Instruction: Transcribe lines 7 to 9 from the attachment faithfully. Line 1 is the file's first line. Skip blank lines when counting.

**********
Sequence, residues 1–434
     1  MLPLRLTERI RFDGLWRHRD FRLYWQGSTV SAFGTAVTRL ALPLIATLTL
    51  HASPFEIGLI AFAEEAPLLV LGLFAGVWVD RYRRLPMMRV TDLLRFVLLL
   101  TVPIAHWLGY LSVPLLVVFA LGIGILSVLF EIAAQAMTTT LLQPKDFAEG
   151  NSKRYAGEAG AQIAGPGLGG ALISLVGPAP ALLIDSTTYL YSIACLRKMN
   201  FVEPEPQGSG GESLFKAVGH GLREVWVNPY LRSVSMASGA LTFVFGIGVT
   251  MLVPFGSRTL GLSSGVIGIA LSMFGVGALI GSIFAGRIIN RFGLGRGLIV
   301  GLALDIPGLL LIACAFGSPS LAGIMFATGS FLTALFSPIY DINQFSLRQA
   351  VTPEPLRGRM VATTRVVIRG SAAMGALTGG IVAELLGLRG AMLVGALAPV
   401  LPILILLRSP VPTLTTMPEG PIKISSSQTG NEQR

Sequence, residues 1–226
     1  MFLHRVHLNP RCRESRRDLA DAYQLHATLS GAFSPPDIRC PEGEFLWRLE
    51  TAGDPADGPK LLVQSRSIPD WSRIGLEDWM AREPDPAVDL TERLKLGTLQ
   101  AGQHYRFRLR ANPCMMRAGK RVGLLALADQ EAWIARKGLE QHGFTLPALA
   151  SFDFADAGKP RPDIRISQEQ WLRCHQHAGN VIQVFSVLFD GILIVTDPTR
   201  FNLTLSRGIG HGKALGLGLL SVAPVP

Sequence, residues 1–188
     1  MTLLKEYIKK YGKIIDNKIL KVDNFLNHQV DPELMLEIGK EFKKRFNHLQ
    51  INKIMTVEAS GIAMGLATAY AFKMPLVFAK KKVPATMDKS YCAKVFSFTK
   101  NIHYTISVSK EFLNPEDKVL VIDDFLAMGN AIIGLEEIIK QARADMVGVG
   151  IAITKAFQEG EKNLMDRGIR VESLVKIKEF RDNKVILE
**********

   251  MLVPFGSRTL GLSSGVIGIA LSMFGVGALI GSIFAGRIIN RFGLGRGLIV
   301  GLALDIPGLL LIACAFGSPS LAGIMFATGS FLTALFSPIY DINQFSLRQA
   351  VTPEPLRGRM VATTRVVIRG SAAMGALTGG IVAELLGLRG AMLVGALAPV